Interaction of genotype x management on vegetative growth and weed suppression of aerobic rice

D.L. Zhao, L. Bastiaans, G.N. Atlin, J.H.J. Spiertz

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49 Citations (Scopus)

Abstract

Water shortage in drought-prone rice-growing areas of the world is threatening conventional irrigated rice production systems, in which rice is transplanted into fields where standing water is maintained until harvest. Aerobic rice production systems, in which rice is grown as a direct-seeded upland crop without flooding, require less water than conventional systems, but the transition to aerobic rice systems is impeded by severe weed infestation. An environmentally friendly and less labor-intensive weed control method needs to be introduced to aerobic rice farmers. A study was conducted at the International Rice Research Institute in the 2003 wet season and 2004 dry season to evaluate the effects of genotype, seeding rate, seed priming and their interactions on vegetative growth, yield and weed suppression. Three contrasting aerobic rice genotypes differing in yield and weed-suppressive ability (WSA) were grown at three seeding rates (100, 300 and 500 viable seeds m¿2) with or without seed priming under two weed management treatments (weed-free and weedy) in a split-plot design. In 2004, the overall weed pressure was higher than in 2003, and consequently treatment effects in this year were more distinct than in 2003. No significant interactions among the experimental factors were found for crop yield, weed biomass, leaf area index, tiller number and vegetative crop biomass. Raising seeding rate from 100 to 300 viable seeds m¿2 resulted in a significant increase in yield and a decrease in weed biomass, whereas a further increase from 300 to 500 viable seeds m¿2 did not result in a further improvement in yield and weed suppression. The stronger WSA of genotype Apo than that of genotypes IR60080-46A and IRAT 216 related to a stronger competitive ability of individual plants and a faster canopy closure (0.5¿6 days earlier). The WSA of weakly competitive genotypes was partially compensated for by a higher seeding rate. Seed priming, which was only evaluated in 2003, accelerated emergence by 2 days and slightly enhanced early crop growth, but had no significant effect on yield and weed suppression. The present study suggests that combining a weed-suppressive genotype with an optimum seeding rate can serve as a tool to manage weeds.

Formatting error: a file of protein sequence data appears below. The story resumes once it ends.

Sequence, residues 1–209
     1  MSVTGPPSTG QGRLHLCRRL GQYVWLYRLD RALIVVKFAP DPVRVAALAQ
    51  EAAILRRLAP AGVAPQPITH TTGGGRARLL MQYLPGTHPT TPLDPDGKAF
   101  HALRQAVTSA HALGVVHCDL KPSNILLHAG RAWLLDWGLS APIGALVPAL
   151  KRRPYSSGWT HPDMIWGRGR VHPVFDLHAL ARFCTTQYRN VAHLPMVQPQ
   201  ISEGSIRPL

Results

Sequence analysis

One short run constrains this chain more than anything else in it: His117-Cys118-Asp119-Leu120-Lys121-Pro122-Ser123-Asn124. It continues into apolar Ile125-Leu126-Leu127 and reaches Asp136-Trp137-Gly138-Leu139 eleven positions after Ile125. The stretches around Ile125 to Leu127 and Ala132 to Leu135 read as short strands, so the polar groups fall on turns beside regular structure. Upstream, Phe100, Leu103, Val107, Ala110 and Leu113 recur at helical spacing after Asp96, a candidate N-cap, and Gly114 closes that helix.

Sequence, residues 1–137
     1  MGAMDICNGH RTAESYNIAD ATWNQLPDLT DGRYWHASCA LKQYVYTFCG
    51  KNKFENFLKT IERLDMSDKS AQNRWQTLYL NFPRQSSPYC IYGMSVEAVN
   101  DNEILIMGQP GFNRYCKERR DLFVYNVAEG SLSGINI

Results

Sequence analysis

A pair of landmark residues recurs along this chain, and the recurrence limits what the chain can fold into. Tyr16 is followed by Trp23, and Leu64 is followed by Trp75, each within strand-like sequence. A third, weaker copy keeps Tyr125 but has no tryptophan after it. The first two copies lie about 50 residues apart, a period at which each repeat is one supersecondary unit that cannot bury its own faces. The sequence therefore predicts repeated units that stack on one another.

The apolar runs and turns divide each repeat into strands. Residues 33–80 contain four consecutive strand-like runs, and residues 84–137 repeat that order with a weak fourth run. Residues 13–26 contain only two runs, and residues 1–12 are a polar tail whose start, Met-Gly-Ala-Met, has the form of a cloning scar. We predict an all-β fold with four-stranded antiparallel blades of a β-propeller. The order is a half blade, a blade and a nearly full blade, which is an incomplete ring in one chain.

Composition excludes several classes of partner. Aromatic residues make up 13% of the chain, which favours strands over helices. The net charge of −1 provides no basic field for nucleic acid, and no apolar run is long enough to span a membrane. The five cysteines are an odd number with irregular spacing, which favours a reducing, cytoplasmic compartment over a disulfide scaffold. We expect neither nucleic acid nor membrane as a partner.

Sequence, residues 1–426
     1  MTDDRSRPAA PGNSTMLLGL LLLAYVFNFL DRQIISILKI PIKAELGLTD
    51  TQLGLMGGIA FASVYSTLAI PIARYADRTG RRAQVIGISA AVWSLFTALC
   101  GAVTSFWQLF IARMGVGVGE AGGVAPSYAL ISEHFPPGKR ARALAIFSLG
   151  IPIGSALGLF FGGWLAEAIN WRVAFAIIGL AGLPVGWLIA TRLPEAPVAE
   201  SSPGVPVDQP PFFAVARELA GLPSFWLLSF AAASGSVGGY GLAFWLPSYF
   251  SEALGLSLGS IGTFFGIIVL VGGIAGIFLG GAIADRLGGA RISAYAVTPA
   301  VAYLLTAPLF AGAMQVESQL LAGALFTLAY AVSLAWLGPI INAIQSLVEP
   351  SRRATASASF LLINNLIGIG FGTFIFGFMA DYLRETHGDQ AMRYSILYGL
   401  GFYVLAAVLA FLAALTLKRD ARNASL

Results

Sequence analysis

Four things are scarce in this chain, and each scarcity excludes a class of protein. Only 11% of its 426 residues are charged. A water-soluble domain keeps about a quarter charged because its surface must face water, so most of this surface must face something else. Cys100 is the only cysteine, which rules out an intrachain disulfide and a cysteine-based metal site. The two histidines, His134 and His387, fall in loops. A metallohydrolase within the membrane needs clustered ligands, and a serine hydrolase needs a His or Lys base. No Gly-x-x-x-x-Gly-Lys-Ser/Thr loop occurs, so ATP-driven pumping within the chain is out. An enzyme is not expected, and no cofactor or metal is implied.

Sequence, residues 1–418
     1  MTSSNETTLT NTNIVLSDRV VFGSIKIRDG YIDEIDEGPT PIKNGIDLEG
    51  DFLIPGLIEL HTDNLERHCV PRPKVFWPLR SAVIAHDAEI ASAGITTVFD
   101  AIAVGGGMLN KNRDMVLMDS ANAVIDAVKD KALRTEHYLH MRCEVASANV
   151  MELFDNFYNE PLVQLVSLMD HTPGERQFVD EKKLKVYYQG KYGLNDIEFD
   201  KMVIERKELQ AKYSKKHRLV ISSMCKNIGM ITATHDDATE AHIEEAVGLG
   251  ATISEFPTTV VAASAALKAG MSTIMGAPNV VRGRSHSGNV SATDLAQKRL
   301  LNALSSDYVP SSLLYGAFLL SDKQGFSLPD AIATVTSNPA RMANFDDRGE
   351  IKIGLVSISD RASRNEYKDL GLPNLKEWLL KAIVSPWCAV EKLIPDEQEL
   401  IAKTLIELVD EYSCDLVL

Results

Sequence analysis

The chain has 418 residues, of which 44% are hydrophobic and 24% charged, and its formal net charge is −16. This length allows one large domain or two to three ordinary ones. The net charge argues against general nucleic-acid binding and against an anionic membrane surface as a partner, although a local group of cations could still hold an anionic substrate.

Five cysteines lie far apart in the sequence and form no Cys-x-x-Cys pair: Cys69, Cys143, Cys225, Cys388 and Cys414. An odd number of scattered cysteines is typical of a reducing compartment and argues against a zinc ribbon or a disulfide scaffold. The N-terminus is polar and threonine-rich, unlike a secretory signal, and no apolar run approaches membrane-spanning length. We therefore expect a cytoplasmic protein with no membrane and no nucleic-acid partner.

Original languageEnglish
Pages (from-to)327-340
JournalField Crops Research
Volume100
Issue number2-3
DOIs
Publication statusPublished - 2007

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Keywords

  • seeding rate
  • seeded rice
  • upland rice
  • yield
  • competitiveness
  • cultivars
  • germination
  • ability
  • traits
  • rates

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